What's the Back Story?

One of the talks I give is a 'lottery lecture'.  I ask members of the audience to pick a tag from a bag which corresponds to one of the photographs I have with me.  I then spend a few minutes talking about the image they have picked, and particularly telling the back story of the picture.  In some cases it's about the subject of the picture, or what was involved in taking the picture or getting to the location. In other cases it's about the geography or history of the place, or (given that many of my images are from cold remote places) how those places are changing as the climate changes.

On lots of occasions these back stories are what people seem to take away from the presentation - and the stories do regularly provoke interesting questions and discussions.  One of the reasons that I am so enthusiastic about this sort of presentation is probably related to the fact that the backstory is what I look for when I'm looking at someone else's pictures.

Over the last few days I've had the chance to look at two parts of a fantastic exhibition of the work of Don McCullin, best known as a war photographer.  Before I go any further, I'm absolutely not putting myself anywhere near this league of photographer.  However, as I looked around the images on show in Fallen, I did start to wonder what the back story was to some of the images, and particularly some of the people in the images that McCullin had taken. I found it nearly impossible not to try and speculate about what had happened to the shell-shocked US soldiers in Vietnam or to the Cypriot villagers in the 1960s or (closer to home) the stone-throwing kids in Londonderry/Derry in the early 1970s.   Perhaps that's the power of a really strong people-picture.  It makes you think about what happened to the people both before and after the moment when the shutter was pressed.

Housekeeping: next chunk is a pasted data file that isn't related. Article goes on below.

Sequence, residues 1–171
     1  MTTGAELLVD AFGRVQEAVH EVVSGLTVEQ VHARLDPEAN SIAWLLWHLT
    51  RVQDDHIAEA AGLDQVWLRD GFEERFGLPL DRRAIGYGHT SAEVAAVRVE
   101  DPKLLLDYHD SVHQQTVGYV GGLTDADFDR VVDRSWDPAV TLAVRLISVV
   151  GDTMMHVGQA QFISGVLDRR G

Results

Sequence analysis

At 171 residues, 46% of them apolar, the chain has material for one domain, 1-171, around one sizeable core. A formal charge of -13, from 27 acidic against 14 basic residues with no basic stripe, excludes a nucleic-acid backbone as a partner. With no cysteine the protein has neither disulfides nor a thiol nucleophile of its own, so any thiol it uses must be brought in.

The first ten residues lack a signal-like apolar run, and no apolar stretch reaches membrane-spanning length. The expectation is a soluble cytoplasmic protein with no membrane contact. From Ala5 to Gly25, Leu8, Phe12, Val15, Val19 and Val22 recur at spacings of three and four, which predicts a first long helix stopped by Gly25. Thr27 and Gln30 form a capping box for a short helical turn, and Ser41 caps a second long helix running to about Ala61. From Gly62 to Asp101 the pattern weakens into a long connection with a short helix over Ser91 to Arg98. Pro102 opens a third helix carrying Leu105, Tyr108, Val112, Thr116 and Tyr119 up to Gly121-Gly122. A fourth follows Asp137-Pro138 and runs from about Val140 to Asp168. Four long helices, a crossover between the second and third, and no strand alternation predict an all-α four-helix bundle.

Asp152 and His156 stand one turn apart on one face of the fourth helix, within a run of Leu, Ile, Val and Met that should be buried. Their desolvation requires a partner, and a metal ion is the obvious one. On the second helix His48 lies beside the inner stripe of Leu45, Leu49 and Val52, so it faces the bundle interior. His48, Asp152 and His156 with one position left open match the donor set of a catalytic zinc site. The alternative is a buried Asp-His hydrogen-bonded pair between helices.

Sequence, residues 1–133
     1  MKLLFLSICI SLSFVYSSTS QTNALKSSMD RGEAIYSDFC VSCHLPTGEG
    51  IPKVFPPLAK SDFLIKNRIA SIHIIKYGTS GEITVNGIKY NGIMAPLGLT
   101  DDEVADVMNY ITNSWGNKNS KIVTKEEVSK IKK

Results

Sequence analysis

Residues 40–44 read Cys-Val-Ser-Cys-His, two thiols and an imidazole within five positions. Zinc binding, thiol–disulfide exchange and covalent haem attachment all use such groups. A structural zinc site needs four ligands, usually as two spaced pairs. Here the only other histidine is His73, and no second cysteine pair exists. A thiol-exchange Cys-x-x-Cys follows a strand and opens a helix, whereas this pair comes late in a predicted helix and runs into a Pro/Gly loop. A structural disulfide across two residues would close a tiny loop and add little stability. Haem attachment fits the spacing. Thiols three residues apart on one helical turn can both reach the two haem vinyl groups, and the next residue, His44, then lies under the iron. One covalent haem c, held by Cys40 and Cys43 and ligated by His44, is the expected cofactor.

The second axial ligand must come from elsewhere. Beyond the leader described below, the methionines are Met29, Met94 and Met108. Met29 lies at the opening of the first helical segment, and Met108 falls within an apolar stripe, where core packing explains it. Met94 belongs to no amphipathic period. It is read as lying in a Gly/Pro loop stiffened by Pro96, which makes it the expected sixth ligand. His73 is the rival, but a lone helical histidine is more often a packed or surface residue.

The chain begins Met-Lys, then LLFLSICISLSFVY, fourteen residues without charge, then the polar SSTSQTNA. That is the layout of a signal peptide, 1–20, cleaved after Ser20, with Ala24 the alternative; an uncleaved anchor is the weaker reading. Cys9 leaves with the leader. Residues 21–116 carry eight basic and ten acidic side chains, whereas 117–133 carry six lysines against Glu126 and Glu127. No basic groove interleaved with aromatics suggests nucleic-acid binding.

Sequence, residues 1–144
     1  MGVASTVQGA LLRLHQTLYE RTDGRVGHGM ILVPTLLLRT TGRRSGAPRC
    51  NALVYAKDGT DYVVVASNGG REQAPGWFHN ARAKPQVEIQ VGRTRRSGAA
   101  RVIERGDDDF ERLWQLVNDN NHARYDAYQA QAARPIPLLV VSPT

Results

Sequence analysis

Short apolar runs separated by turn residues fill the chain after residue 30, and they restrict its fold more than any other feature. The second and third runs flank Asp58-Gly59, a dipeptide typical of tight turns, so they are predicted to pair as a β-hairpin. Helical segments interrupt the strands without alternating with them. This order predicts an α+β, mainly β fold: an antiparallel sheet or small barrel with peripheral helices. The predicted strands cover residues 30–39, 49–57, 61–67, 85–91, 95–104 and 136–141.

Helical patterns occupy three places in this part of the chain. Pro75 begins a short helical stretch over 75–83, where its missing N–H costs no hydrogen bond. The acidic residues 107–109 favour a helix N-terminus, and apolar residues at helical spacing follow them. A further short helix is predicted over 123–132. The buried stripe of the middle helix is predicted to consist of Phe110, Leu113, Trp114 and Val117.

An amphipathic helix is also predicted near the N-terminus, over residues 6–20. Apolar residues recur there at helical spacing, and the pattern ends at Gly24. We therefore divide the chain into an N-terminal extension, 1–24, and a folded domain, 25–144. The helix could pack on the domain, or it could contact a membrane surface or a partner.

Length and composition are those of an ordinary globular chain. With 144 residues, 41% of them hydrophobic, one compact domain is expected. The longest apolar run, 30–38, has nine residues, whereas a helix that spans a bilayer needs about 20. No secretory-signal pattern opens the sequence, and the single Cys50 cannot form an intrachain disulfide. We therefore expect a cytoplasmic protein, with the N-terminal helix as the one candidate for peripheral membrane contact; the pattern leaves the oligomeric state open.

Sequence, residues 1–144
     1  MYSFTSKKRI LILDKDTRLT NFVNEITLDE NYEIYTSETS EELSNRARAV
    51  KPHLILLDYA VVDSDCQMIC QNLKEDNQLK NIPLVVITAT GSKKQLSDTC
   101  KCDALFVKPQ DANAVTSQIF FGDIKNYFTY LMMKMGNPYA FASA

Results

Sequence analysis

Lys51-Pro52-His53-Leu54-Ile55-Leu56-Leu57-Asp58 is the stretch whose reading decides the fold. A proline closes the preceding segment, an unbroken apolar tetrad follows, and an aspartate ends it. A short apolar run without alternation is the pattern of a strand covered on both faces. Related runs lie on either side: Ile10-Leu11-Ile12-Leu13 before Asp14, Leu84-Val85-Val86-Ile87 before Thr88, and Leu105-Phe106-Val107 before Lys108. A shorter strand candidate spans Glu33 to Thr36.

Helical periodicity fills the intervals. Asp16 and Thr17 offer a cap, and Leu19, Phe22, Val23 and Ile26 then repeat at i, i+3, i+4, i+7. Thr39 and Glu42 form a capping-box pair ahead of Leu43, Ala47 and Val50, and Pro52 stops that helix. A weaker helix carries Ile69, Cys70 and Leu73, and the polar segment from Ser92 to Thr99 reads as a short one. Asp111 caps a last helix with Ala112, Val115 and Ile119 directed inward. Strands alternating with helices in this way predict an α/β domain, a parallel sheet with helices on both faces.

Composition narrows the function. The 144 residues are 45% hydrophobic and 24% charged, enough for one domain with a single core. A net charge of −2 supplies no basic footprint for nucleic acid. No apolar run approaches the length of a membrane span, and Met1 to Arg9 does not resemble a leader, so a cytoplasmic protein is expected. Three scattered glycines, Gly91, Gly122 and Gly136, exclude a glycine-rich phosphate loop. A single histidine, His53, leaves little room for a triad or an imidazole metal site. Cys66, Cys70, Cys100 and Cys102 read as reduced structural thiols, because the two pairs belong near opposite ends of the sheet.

If you happen to be on Shetland anytime before 22 February, do find time to get to either the Museum in Lerwick and/or the Bonhoga Gallery at Weisdale where the two parts of the exhibition Fallen are on show.  There's a huge amount to think about.

At the moment I'm trying capture the backstories that go with some of the images I've taken over the last five years. It won't be finished for this Christmas, but it might make it into print for next year.

If you'd like to invite me to give one of my 'Lottery Lectures', do get in touch ross@northsouthimages.co.uk

Still too Soon?

Oxford - 19th December a few years ago.
So when does Christmas start?

The retailers seem to think it’s shortly after the August Bank Holiday.  In any case, the shops and streets are dripping with Festival Cheer™ from far too early, and I have serious doubts about the ability of even the most heavily genetically-modified pine tree to retain its needles from 1st of December until the 25th.

I know  (my other half has told me)  that throughout December it’s really Advent, which is why we have those calendars with 24 little fragments of chocolate, and that Christmas really starts on the 25th. And I do thoroughly approve of the Danish tradition of putting up the Christmas tree on the 24th and celebrating from then.